Sydney Morgan, a rising fourth grader from Cherokee Elementary School, digs two handfuls of rocks out of her pocket and spreads them across the table before answering the question she was called on for. While this might be inappropriate behavior for most classrooms, at Winged Deer Park’s Rock Steady Geology Camp last week, Morgan’s reaction was rock solid.
“I don’t know what I want to be yet when I grow up,” Morgan says, “but I came this week because I like finding, like, crystals and stuff. I found some rocks over there. I just think they look cool.”
Soon after listing her affinity for pretty rocks as one of the reasons she loves geology camp, Morgan and about 25 of her peers heard from Jim Small, former owner of Kingsport Gems and Minerals Society. Small has been cutting gems since 1960.
“What I’m basically talking about is the fact that the world is composed of three different sorts of rocks,” Small says, “and literally everything that we are, everything that we have, and everything that we see is a consequence of these three different kinds of rocks.”
Small spent the majority of his session letting the kids pass around things like the fossilized entrance of a woodpecker’s home from 26 million years ago, a dinosaur hip bone, and large fossilized dinosaur feces. One of the most exciting revelations came when he taught the kids about Blue-Green Algae, which lived 2 billion years ago and is responsible for all of the oxygen in the atmosphere today.
“Kids are visual and tactile beings,” Small says. “Everything that I talk about, I hand around as I describe it. People say, ‘well doesn’t that split their attention between what you’re saying and the rocks?’ Well, not really. People assume things about kids that they ought not, especially where rocks are concerned.”
“I don’t want the kids to simply learn, this is a pretty rock,” Deegan says. “I want them to understand our local topography, the karst and sinkholes and caves. I want them to have a feel for the TVA dam system and its magnitude, and really all the things that system has to accomplish.”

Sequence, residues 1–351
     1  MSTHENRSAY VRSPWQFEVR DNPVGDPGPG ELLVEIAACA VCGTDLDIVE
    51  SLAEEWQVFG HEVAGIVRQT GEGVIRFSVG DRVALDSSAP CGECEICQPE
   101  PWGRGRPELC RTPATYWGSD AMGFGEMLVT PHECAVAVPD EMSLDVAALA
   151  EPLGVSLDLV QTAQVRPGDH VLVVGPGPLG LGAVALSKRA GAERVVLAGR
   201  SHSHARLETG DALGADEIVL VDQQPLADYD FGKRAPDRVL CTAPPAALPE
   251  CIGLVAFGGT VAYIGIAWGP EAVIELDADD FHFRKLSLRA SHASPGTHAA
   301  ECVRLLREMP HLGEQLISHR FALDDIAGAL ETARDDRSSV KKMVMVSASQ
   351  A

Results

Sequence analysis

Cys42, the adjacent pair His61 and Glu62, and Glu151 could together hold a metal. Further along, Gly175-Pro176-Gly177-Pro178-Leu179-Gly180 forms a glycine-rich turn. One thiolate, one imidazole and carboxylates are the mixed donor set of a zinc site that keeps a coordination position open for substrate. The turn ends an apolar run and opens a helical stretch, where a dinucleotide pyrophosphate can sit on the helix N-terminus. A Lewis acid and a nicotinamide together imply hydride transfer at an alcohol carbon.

The kids at geology camp heard from several experts in fields including geosciences, animal life, conservation, and geology. Visitors included Dr. Steven Wallace and Ingrid Luffman from the Geosciences Department at East Tennessee State University, representatives of the Washington County Soil and Conservation District, TVA representative Jonathan McNutt, ETSU intern John Griggs, and more.
Camp Counselor Hannah McAdams is a sophomore at ETSU studying child psychology. This was her first year as a counselor and she says “hanging out with the kids and getting to know them is awesome.
“We have a lot of repeat kids so we really get to build relationships with them, which is my favorite part,” McAdams says.
Deegan taught them about the problems bats are facing, primarily in the United States and Canada. She says that while some people think kids get bored with learning, education done the right way can be quite fascinating, particularly when the campers understand the gravity of all that’s being taught.
“They love it,” she says of Rock Steady. “Most of the kids here have a specific interest in geology and they’re totally digging it.”